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6 Famous Family Businesses Gone Terribly Wrong

"Happy families are all alike; every unhappy family is unhappy in its own way."—Leo Tolstoy, "Anna Karenina"

Many of the most famous and successful businesses in the U.S. are family-owned. Wal-Mart, Ford Motor and News Corp. are about as big as they come, and despite recessions, fluctuating consumer tastes and bursting bubbles, these companies have always kept it in the family.

When things go well, working with family can be extremely rewarding. Selena S. Cuffe is president and CEO of Heritage Link Brands, a company she co-founded with her husband that transforms African products into global brands. She conceded that toiling alongside family brings challenges but had mostly positive things to say.

"You trust the people you're working with," Cuffe said in an email. "Everyone is more invested than if they were at just 'a job.' The staff's mindset is much more entrepreneurial, authentic and strategic … [and] you are surrounded by people you actually enjoy!"

Don Arden And Sharon Osbourne

Don Arden was a British music impresario who managed Black Sabbath and Electric Light Orchestra, two of the most popular rock bands of the 1970s. Singer Ozzy Osbourne left Black Sabbath in 1979, but Arden continued to run the band while also signing the newly solo vocalist to his label, Jet Records. Arden's daughter, Sharon, had been working for her father, but by 1982 she was both wife and manager to the ascendant singer.

Things went sour when Sharon Osbourne tried to break Ozzy's contract with Jet and sign him to a different label. Arden sued her in a case eventually settled out of court. He walked away with $1 million, but the legal action damaged his relationship with his daughter so severely that the two didn't speak for almost 20 years. Arden died in 2007.

Noel Gallagher And Liam Gallagher

Oasis was a British rock group best known for the 1995 song "Wonderwall," which peaked at No. 8 on the U.S. Billboard chart. The group featured lead singer Liam Gallagher and his brother Noel on guitar, and according to the U.K.'s The Guardian, they had a history of public feuding and physical brawling—onstage and offstage—that plagued their entire career.
The final straw came on Aug. 28, 2009, before a festival appearance in Paris, when Liam allegedly broke his brother's guitar. The band never performed, and Noel took to its website to announce his permanent departure.

"I simply could not go on working with Liam a day longer," he said. He went on to form Noel Gallagher's High Flying Birds, while Liam put together the group Beady Eye.

Kit Culkin And Macaulay Culkin

Kid actor Macaulay Culkin starred in the 1990 hit film "Home Alone." Kit Culkin, a former child actor himself, was his son's manager. According to New York magazine, he secured a rate of $8 million per film for his megastar child, who characterized his dad as "a screamer" and "an intimidator." When the parents began divorce proceedings, the question of which one would control Macaulay's fortune became a point of contention.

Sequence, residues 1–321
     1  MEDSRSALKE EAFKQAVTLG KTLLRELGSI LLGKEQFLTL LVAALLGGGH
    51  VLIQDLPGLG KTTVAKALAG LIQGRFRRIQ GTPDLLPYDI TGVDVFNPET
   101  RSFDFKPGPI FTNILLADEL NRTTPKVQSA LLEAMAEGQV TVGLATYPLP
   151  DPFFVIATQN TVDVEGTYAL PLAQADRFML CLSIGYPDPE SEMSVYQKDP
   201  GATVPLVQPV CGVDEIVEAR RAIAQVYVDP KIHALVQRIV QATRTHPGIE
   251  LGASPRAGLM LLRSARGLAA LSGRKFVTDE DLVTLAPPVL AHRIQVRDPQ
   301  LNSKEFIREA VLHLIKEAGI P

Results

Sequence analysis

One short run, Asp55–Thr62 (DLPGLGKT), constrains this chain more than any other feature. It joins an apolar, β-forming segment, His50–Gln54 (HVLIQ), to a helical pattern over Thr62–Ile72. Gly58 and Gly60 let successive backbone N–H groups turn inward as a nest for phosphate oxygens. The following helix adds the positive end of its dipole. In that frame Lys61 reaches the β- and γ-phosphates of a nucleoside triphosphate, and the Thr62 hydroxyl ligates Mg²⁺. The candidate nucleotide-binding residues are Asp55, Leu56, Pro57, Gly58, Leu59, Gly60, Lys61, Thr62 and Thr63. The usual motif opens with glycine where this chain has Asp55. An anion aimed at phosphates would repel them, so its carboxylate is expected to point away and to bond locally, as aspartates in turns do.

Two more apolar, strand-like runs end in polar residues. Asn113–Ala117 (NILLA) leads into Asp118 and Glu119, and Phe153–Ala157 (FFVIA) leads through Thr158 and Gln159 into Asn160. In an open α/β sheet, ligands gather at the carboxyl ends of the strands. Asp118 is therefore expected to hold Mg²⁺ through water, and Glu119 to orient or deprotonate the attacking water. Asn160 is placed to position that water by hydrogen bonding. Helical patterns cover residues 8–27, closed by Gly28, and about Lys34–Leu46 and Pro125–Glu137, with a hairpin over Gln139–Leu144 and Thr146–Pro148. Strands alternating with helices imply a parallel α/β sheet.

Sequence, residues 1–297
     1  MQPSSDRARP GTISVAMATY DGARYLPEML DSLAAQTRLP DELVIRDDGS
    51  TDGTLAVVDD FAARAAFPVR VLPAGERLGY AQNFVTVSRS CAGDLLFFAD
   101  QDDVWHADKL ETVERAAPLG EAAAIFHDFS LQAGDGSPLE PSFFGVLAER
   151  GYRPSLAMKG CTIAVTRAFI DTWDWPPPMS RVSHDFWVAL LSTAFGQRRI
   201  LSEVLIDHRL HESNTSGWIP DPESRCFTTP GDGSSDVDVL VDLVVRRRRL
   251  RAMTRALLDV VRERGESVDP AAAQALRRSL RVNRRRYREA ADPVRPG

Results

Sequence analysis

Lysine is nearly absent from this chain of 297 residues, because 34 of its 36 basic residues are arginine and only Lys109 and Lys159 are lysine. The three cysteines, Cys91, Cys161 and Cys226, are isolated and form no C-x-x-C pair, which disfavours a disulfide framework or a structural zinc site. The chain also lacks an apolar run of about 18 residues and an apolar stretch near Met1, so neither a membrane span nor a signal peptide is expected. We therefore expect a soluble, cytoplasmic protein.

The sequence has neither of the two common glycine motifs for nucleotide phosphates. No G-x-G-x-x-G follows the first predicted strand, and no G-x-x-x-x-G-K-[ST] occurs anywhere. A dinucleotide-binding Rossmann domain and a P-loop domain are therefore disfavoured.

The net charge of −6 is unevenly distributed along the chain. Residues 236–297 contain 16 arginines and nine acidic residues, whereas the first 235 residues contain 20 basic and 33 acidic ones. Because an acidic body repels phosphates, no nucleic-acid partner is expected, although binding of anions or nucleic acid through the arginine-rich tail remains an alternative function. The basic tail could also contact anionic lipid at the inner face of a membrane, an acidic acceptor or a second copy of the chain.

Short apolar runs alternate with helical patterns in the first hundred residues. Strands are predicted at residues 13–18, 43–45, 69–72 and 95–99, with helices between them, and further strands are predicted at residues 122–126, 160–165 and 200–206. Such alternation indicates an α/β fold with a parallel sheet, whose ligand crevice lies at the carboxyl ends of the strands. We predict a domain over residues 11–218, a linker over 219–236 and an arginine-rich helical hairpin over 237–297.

'According to The Chicago Tribune, the issue was resolved by Manhattan Supreme Court Judge David Saxe, who severed the professional relationship between father and son, and put the family accountant in charge of the actor's money until he turned 18.

Sadly, the legal problems drove a persistent wedge between father and son, and a 2012 article in the U.K.'s Daily Mail said that they have not spoken in the decade and a half since the dispute.

Chris Hutcheson And Gordon Ramsay

Celebrity chef Gordon Ramsey is renowned for yelling at hapless restaurateurs on the television show "Hell's Kitchen." His father-in-law, Chris Hutcheson, was his business partner, but according to the U.K. publication The Telegraph, that arrangement ended in October 2010 when the chef fired him for allegedly taking money from the business for "personal use"—suspected to be the financing of multiple extramarital affairs.

Hutcheson sued his son-in-law for unfair dismissal and unpaid wages. The whole story came ended last year, when the two parties reached a settlement out of court.

Beyoncé Knowles And Mathew Knowles

Since she was one-third of the singing group Destiny's Child, Beyoncé Knowles has been one of the biggest recording stars in the world. Her father, Mathew Knowles, managed that group and continued to manage Beyoncé when she went solo, but she fired him in 2011. Documents filed in District Court in Harris County, Tex., indicate that she believed he had taken money to which he was not entitled.

Mathew filed his own petition, alleging that the concert promoter Live Nation had contrived this story to force him out.

"Upon information and belief, after failing to secure the rights to Beyoncé's world tour, Live Nation agents or representatives made statements to Beyoncé, alleging that [Knowles] had stolen money from Beyoncé on her most recent tour or otherwise taken funds," it said. A representative from Live Nation had no comment.

Still, Mathew Knowles seems to have taken his ouster in stride, if his statement to The Associated Press is any indication. "Business is business and family is family," he said. "I love my daughter and am very proud of who she is and all that she has achieved."


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